Although the “Cyclopædia” was the grand business of Mr. Chambers’s life, and may be regarded as almost the sole foundation of his fame, his attention was not wholly confined to this undertaking. He was concerned in a periodical publication entitled “The Literary Magazine,” which was begun in 1735, and continued for a few years, containing a review of books on the analytical plan. In this work he wrote a variety of articles, and particularly a review of Morgan’s “Moral Philosopher.” He was engaged likewise, in conjunction with Mr. John Marty n, F. R. S. and professor of botany at Cambridge, in preparing for the press a translation and abridgment of the “Philosophical history and memoirs of the royal academy of sciences at Paris or an abridgment of all the papers relating to natural philosophy which have been published by the members of that illustrious society.” This undertaking, when completed, was comprised in five volumes, 8vo, which did not appear till 1742, some time after our author’s decease, when they were published in the joint names of Mr. Martyn and Mr. Chambers. Mr. Marty n, in a subsequent publication, passed a severe censure upon the share which his fellow-labourer had in the abridgment of the Parisian papers; which, indeed, he appears to have executed in a very slovenly manner, and to have been unacquainted with the French terms in natural history. The only work besides, that we find ascribed to Mr. Chambers, is a translation of the “Jesuit’s Perspective,” from the French; which was printed in 4to, and has gone through several editions. How indefatigable he was in his literary and scientific collections, is manifest from a circumstance which used to be related by Mr. Airey, who was so well known to many persons by the vivacity of his temper and conversation, and his bold avowal of the principles of infidelity. This gentleman, in the very early part of his life, was five years (from 1728 to 1733) amanuensis to Mr. Chambers; and, during that time, copied nearly 20 folio volumes, so large as to comprehend materials, if they had been published, for printing 30 volumes in the same size. Mr. Chambers however acknowledged, that if they were printed, they would neither be sold nor read. His close and unremitting attention to his studies at length impaired his health, and obliged him occasionally to take a lodging | at Canonbury-house, Islington. This not having greatly contributed to his recovery, he made an excursion to the south of France, of which he left an account in ms. but did not reap that benefit from the journey which he had himself hoped and his friends wished. Returning to England in the autumn of 1739, he died at Canonbury-house, and was buried at Westminster; where the following inscription, written by himself, is placed on the north side of the cloisters of the abbey:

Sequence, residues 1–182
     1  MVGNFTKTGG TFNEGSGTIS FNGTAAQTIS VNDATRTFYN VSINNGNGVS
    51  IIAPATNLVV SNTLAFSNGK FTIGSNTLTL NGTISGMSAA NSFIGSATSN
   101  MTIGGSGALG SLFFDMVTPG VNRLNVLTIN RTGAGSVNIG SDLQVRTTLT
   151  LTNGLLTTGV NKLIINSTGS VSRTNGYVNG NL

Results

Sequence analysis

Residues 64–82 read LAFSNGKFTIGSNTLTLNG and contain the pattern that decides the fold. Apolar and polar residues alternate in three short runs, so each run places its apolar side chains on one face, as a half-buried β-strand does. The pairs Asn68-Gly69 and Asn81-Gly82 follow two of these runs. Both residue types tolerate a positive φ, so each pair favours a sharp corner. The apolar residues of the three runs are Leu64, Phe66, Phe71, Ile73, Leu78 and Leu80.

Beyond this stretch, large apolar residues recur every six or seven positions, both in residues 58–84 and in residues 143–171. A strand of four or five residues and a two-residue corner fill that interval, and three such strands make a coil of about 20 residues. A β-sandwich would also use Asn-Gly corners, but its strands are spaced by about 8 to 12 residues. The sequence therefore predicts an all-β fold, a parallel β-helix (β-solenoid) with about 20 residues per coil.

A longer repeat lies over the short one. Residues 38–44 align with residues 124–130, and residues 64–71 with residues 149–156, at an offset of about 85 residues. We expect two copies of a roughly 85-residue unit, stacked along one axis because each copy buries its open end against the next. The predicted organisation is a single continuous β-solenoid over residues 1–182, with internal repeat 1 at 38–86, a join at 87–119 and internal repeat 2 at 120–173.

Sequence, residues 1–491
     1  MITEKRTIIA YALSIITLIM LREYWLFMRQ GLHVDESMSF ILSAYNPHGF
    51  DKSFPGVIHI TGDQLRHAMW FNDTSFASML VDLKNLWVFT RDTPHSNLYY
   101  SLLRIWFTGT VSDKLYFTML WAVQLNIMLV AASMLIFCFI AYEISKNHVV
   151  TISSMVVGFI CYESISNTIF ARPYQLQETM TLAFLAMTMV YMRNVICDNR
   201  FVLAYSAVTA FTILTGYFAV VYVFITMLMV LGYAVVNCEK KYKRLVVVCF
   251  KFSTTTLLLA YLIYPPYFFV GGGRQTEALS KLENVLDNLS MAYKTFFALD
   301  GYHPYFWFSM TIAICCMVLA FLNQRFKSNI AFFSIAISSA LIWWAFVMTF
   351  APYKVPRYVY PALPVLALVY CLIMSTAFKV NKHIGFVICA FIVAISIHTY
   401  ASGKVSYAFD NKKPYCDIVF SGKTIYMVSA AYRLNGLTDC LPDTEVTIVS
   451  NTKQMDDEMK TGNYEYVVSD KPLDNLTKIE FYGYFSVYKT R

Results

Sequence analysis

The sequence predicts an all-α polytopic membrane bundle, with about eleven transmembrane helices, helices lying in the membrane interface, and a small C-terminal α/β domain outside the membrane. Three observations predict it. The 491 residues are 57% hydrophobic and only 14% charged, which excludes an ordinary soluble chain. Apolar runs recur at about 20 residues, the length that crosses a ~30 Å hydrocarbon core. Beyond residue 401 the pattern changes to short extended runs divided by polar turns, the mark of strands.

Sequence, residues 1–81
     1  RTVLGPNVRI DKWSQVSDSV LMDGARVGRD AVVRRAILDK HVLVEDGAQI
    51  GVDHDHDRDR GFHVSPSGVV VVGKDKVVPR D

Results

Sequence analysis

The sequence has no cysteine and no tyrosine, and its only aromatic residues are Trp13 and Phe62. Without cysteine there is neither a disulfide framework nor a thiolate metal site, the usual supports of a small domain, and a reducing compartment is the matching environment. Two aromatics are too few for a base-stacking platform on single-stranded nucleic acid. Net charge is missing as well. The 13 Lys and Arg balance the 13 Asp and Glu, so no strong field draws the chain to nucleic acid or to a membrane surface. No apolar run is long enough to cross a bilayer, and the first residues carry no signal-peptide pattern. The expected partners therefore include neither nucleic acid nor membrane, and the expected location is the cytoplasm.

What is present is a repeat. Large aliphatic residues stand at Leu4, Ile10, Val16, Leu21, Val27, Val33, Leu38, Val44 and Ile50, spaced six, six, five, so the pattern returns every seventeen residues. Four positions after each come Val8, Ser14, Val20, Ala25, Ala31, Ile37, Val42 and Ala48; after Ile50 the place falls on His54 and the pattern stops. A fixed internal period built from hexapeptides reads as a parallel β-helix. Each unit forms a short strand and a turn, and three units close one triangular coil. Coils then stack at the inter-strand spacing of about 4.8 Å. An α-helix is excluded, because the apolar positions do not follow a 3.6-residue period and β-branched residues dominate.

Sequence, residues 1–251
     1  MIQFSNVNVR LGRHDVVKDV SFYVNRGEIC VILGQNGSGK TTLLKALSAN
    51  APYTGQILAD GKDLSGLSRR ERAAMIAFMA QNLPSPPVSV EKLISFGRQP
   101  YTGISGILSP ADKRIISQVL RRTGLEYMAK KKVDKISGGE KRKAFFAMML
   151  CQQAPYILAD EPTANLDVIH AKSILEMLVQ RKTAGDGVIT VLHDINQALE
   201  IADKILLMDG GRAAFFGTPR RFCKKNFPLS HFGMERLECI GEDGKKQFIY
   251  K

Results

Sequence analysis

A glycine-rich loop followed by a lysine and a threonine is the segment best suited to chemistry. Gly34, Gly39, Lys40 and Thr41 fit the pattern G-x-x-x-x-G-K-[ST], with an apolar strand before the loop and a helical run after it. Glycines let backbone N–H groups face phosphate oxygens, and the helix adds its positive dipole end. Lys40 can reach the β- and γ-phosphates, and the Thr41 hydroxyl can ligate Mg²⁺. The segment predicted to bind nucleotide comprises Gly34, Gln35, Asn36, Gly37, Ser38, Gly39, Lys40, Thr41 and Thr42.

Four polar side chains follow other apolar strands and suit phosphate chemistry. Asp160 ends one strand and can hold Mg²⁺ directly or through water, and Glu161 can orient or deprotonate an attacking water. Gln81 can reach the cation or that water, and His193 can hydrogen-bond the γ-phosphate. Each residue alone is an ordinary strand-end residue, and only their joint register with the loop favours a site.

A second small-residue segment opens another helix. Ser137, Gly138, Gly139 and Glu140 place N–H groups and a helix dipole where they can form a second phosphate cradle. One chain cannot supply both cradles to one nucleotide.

"Multis pervulgatus,

Faucis notus;

Qui vitam, inter lucem et umbram,

Nee eruditus, nee idiota,

Literis deditus, transegit; sed ut homo

Qui humani nihil a se alienum putat.

Vita simul, et laboribus functus,

Hie requiescere voluit,

Ephraim Chambers, R. S. S.

Obiit xv Maii, MDCCXL."

His writings were those of a man who had a sound judgment, a clear and strong memory, a ready invention, an easy method of arranging his ideas, and who neither spared time nor trouble. His life was spent rather in the company of books than men, and his pen was oftener employed than his tongue: his style is in general good, and his definitions clear and unaffected. In language he applied rather to the judgment than to the ear; and if he deserves to be censured for baldness, it should also be remembered how difficult technical expression is, which must be accommodated at once to the scholar and the artificer. In his epistolary correspondence, some specimens of which may be seen in the Gentleman’s Magazine, he was lively and easy.

His personal character had many peculiarities. What we record with most regret is that his religious sentiments leaned to infidelity, although it has been said in excuse that he avoided propagating his opinions, and certainly did not introduce them in his writings. His mode of life was reserved, for he kept little company, and no table. An intimate friend who called on him one morning, was asked by him to stay and dine. “And what will you give me, Ephraim?” said the gentleman, “I dare engage you have nothing for dinner;” to which Mr. Chambers calmly replied, “Yes, I have a fritter; and if you‘ll stay with me, I’ll have two.” Yet, though thus inattentive to himself, he | was very generous to the poor. He was likewise sufficiently conscious of his defects in social qualities, and when urged to marry that he might then have a person to look after him, which his health required, he replied somewhat hastily, “What! shall 1 make a woman miserable, to contribute to my own ease? For miserable she must be the moment she gives her hand to so unsocial a being as myself.